Customer takes axe to modem at Ontario Bell store after claiming poor service

Click to play video: 'Bell customer in Burlington destroys modem in front of store' Bell customer in Burlington destroys modem in front of store
WATCH ABOVE: A Bell Canada customer in Burlington, frustrated for months over Internet service, decided to show the company what he thinks of their service: He chopped up his modem in front of a store. Sean O’Shea reports – Jul 19, 2018

A long-time Bell customer, frustrated with the telecommunications company, used an axe to smash a modem this week in front of one of the company’s stores.

Jeremy Parsons of Burlington told Global News his actions this week followed months of efforts to receive service improvements, and came after dozens of phone calls aimed at getting help with what he regards as sub-standard service.

“Bell Canada, for a communications company you are a failure,” said Parsons in a video posted to Facebook.

“I can’t get you on the phone, you don’t respond on social media,” Parsons explained on the video, holding an axe in his right hand.

Moments after the pronouncement, Parsons raised the axe above his head and struck the modem hard three times, smashing it.

READ MORE: If you had a bad sales experience with Canada’s telecoms, the CRTC wants to know

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At the end of the video, Parsons exclaimed, “that’s it, your service sucks!”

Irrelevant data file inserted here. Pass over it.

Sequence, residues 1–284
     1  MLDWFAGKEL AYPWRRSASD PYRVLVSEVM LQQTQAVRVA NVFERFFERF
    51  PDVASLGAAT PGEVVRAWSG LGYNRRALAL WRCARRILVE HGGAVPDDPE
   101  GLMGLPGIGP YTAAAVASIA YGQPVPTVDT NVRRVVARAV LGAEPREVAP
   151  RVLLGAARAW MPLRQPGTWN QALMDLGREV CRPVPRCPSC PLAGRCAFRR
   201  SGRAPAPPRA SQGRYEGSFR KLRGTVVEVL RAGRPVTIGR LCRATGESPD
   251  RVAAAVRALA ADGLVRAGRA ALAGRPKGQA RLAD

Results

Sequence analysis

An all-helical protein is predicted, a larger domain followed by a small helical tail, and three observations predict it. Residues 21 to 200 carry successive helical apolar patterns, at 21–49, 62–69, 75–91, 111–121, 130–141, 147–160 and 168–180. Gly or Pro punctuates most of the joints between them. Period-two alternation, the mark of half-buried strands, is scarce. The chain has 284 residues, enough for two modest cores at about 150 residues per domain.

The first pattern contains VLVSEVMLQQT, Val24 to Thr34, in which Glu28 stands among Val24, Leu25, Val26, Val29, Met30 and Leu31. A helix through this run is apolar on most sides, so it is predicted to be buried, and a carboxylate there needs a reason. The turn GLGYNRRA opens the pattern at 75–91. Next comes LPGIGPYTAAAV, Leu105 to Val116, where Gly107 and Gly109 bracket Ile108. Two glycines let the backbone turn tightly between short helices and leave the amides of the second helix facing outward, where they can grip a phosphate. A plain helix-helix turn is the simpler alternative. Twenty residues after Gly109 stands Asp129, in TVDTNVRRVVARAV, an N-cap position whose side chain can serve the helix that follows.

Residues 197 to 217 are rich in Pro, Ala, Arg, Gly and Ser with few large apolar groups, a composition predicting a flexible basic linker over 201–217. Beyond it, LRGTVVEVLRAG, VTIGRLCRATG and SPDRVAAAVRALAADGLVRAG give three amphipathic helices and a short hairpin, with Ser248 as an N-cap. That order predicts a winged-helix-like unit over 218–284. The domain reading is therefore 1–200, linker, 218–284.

Parsons told Global News he was trying to make a point: he said the company had not lived up to promises to deliver the fastest high-speed internet service. Nor, he says, has Bell been responsive to his hours of efforts to get his service at home improved.

Parsons says at times, his service would not work at all.

“I spoke to 14 (Bell) people and lost connections with them three times in three hours,” said Parsons, citing one example of how difficult it was to get the problem resolved.

He added that he frequently called Bell representatives while stuck in traffic and, at other times, called the company to get help.

Parsons said on other occasions he was promised that a Bell supervisor would call him back, or was given assurances someone at the company would fix the problem with his internet connection.

At all times, Parsons — who works in the hospitality business, he says, and depends on his Internet service for his livelihood — says Bell let him down.

READ MORE: Canada offers computers, $10 internet plans to low-income families — but critics say some are left out

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Bell Canada, in contrast, claims it supported Parsons properly.

“Our tech support team has assisted Mr. Parsons on numerous occasions with questions about his internet service and have visited his residence several times to offer assistance. We’ve tested the modem speed at Mr. Parsons’ home, and he is receiving the best service currently available in his area,” said Nathan Gibson, Bell’s spokesperson in Toronto.

“We will contact Mr. Parsons to discuss any other solutions that may be available,” Gibson said.

While employees appeared ambivalent when the modem was smashed, Parsons says other customers came out and shook his hand. Parsons says they expressed sympathetic views about Bell’s service, or what he called the lack of it.

“People said, I wish I’d done that.”

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